Active Directory Sizer - 19 Jun 2000

After my last column, I received several questions about planning for the number and size of the domain controllers you need when performing domain consolidation in Windows 2000. Windows NT 4.0 domains, with their limited number of directory objects and object attributes, are relatively straightforward. In Active Directory (AD), however, we have much more flexibility in deciding what types of objects to create and how much detail we will store as attributes for those objects. And increasingly, we'll have more AD-integrated applications, which will affect AD size and performance.

Fortunately, Microsoft has released a tool called AD Sizer (adsizer.exe) to help you estimate the size that your AD might grow to—an important consideration when designing a domain structure. AD Sizer also makes recommendations about the number of domain controllers and their hardware configurations. You can download the tool at the Microsoft Web site.

Once you download and install adsizer.exe, a folder appears in the Start menu's Programs group that contains the application and a Help document. When you start the application and choose File, New, an Active Directory Sizer Wizard launches that gathers information about your environment so that the tool can perform sizing calculations, as Screen 1 shows. AD Sizer asks you about the number of users and computers at your site, the types of objects that you plan to create in AD, whether you plan to use AD-integrated DNS, and about other factors that affect the directory's size. AD Sizer also asks about the number and types of concurrent logons, anticipated changes, and directory searches. The tool uses such information along with the CPU type and the acceptable processor utilization levels to help size your domain controllers and make recommendations about how many you need. AD Sizer even asks whether you plan to use Exchange 2000. If so, it makes adjustments to accommodate that application because it's AD integrated. As Microsoft introduces more AD-integrated applications, the company will continue to update AD Sizer. Before you use AD Sizer, Microsoft recommends that you check its Web site to make sure that you have the latest version.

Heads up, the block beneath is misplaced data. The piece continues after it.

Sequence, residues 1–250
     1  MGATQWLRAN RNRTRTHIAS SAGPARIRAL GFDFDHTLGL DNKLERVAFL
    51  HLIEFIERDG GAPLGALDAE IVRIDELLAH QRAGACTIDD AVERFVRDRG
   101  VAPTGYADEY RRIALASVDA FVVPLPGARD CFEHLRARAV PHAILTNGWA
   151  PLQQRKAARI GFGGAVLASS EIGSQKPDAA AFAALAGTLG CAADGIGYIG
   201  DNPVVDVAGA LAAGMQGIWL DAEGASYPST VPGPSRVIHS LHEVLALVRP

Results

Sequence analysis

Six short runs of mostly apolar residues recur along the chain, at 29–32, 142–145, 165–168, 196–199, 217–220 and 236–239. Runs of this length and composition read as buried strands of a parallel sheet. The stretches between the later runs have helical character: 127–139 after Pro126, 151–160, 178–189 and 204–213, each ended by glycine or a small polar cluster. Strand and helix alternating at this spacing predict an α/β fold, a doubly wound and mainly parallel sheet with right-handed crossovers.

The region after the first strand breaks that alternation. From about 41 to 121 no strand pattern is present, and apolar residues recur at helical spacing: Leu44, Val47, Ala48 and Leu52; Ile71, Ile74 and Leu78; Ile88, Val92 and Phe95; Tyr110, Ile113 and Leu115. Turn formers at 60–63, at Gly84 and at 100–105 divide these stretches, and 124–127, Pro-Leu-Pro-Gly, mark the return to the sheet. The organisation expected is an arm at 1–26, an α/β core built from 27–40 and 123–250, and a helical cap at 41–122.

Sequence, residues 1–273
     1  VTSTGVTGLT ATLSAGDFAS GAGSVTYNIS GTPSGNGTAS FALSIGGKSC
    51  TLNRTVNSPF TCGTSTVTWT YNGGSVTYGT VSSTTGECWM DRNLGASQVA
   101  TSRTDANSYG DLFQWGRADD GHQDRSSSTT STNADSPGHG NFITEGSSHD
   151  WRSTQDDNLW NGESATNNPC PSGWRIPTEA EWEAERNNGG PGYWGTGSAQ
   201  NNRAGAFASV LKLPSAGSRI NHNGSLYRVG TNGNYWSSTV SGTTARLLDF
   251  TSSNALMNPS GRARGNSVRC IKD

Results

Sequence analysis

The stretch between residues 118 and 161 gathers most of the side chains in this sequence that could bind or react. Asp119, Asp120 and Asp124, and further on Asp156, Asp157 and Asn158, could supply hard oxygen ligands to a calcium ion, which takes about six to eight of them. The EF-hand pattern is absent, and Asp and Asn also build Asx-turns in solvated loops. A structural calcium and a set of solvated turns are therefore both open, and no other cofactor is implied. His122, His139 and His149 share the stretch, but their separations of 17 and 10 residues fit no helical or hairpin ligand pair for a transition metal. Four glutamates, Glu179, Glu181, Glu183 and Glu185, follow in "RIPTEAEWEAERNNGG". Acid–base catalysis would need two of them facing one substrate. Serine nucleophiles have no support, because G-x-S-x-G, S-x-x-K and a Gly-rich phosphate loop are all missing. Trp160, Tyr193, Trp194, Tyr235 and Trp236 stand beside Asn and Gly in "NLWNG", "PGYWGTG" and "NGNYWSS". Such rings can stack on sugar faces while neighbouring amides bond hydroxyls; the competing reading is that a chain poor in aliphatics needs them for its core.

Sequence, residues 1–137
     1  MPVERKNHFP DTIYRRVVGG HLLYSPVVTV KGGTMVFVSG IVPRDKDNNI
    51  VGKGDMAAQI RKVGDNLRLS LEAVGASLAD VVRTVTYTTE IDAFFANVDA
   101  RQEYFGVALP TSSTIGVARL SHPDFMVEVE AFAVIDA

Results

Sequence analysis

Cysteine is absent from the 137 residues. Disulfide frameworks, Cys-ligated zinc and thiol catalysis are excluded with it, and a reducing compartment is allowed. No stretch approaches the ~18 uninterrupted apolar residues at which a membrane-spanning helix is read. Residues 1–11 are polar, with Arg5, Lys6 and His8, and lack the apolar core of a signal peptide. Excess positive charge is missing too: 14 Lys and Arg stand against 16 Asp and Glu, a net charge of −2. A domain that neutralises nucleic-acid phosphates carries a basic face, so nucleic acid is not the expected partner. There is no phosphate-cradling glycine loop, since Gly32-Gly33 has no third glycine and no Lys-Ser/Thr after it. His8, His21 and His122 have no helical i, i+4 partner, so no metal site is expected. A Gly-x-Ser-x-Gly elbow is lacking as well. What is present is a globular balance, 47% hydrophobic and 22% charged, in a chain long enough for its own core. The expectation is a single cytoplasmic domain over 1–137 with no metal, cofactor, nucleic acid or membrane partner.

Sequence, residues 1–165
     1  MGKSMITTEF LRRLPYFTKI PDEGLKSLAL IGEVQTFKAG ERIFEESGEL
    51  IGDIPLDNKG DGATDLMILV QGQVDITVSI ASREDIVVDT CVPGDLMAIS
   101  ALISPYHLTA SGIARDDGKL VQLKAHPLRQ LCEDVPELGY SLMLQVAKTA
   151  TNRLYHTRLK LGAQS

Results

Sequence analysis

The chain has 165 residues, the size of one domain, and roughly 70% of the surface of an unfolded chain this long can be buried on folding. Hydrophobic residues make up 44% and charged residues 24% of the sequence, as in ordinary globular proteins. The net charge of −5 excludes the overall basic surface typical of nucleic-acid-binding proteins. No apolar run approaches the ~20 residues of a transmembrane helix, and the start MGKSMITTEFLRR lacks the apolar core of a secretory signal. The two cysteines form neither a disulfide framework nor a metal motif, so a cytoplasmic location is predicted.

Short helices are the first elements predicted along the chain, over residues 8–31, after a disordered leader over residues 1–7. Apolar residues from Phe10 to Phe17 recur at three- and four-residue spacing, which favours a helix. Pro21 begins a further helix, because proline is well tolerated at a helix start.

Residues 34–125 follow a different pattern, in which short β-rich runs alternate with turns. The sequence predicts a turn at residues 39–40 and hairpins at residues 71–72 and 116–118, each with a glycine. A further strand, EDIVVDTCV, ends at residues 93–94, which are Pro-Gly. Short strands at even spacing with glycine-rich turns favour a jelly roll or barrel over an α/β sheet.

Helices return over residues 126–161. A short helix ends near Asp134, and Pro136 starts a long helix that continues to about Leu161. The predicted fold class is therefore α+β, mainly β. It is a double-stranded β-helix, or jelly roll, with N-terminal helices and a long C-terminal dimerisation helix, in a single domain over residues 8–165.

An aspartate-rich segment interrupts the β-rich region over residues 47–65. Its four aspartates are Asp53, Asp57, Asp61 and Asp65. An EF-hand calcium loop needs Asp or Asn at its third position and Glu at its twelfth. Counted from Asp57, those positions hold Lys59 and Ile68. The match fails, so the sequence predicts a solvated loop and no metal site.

After AD Sizer performs initial calculations based on the information that you provided, it gives you information to use for planning how many domain controllers you need and hardware configurations, as Screen 2 shows. At this point, you can add sites, move servers into sites, and create additional domains to more accurately reflect your environment. Such options let you experiment with different designs to determine which is the best for your environment.

AD Sizer is a great tool for planning your migration to AD and determining your hardware requirements for domain consolidation. I recommend that you use the tool to compare the costs of supporting an in-place upgrade of your current domain structure against the hardware costs of moving to one or fewer domains. The results of this comparison might help your company's number crunchers understand the benefits of taking the time to properly plan your migration to Win2K.

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